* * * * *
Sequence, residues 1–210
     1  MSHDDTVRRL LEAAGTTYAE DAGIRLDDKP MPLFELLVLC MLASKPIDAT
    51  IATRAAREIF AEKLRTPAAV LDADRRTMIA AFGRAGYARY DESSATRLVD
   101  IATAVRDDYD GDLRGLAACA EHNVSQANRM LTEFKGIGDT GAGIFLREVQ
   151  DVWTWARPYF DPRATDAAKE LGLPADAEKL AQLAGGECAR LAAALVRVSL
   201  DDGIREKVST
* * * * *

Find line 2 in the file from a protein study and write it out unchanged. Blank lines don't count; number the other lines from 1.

     1  MSHDDTVRRL LEAAGTTYAE DAGIRLDDKP MPLFELLVLC MLASKPIDAT